Jan said...

Charlie, Melissa, CT, et al.: I think "-hope I am wrong" has a really good point. And while Charlie's points on competition are spot on, especially about "who" ends up "competing" (the families, not the schools), I don't think that answer fully carries the day. To me, the heart of the issue is better viewed as "choice," not "competition." Families want to be able to make educational choices for their kids that work. That means the ability to choose direct instruction, rather than "discovery" learning for a child who learns best that way, schools with ample recess, versus schools with none, for wiggly kids who can't learn if their bodies are contorting from the effects of sitting still too long; schools with good, dedicated teachers, instead of untrained TfA teachers (on the one hand) or burned out, clock watching teachers on the other (2 of my 3 kids at some point had teachers whom we honestly could not figure out WHY they were teaching -- every indication was that they despised kids, despised, teaching, hated being there every day; they were a tiny minority -- and stood in stark contrast to the many creative, fun, enthusiastic, knowledgeable teachers each child had, but they were there.

The choice spectrum runs from "ultimate choice" -- which frankly is homeschooling. You pick everything -- subjects, scope and pacing, materials, methods of showing mastery, pedagogy -- and you can pick differently for different kids. At the far OTHER end is "standardized" public education, where the learning tasks of each grade are set in stone, teachers are required to use one single set of materials, and are accountable to a pacing guide. Required hours of study for each "credit" are set (whether you know the stuff, or whether you dont). Working ahead is forbidden, and working behind is seen as failure and is also forbidden or punished.

"The system" is trying to turn out a "product" or "service" -- the "education of kids who attend public schools." The easiest choices "tend" towards standardization (less management and oversight required, less independent judgment required at manager levels, greater defense against parents claiming that because things "differ," their child is getting less. We saw this all in spades with MGJ's standardization and "top-down" management decisions. She was steadily and relentlessly anti-alt (except for Cleveland STEM).

Done the "Shanker" way, charters would have allowed groups of like-minded parents to organize and manage community schools that would have better matched the needs, talents, and interests of kids (and teachers), rather than the needs of a cash-short district to find the cheapest, easiest way to deliver a service to a whole bunch of kids.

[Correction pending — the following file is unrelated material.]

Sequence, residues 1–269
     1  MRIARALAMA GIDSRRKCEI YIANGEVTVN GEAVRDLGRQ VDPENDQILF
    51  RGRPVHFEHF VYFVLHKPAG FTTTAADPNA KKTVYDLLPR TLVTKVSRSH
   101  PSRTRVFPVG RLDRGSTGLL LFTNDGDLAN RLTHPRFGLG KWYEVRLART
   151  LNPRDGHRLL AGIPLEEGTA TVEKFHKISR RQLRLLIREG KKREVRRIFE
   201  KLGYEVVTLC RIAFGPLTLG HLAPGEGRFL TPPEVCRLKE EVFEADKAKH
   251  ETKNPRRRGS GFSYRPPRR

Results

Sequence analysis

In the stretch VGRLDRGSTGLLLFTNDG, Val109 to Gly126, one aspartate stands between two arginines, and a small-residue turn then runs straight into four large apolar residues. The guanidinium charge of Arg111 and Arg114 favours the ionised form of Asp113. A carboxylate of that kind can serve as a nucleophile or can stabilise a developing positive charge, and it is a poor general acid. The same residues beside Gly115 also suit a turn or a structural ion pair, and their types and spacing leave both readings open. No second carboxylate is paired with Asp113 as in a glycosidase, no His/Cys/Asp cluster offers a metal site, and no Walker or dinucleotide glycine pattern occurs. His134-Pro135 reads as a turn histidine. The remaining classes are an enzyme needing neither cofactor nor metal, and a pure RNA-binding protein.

cont'd

Jan said...

Charters promise (though they rarely deliver) choice. What we need to focus on is that just like the "illusion" of competition, most charters present an "illusion" of choice.

If they are full, they work by lottery -- which is not a choice system (though the popular choice schools under the old SSD system had this EXACT same flaw).

Once your child is in, parents have no voice, and thus no "choice" in how they are run, what policies they adopt, what teachers are hired, etc. Accountable only to an appointed board in Olympia -- parents in charters have no choice whatsoever -- except to leave, which has huge costs to kids. And, since the money is being paid by the state, not the parents -- the charter doesn't have the same worries private schools do (if too many paying parents leave, and the reputation is that we are not doing a good job -- NEW families willing to pony up $15,000 or $20,000 per year are not going to show up for NEXT years' class. That tends to get their boards busy firing heads of school and/or teachers, and doing whatever is necessary to once again attract paying families. For charters in a crowded district -- they are fine as long as they are at least as good as the lowest tier of public schools. All they need are bodies in the door that would otherwise have gone to the worst public school.

The reason I actually LIKE creative approach schools, or innovation schools, or whatever you want to call them, is that they actually CAN create "choice," by peeling away from district policies that "standardize" things in ways that don't permit their kids to learn well (or learn what they want them to -- in the case of immersion schools, STEM schools, etc.). But parents don't lose control of them.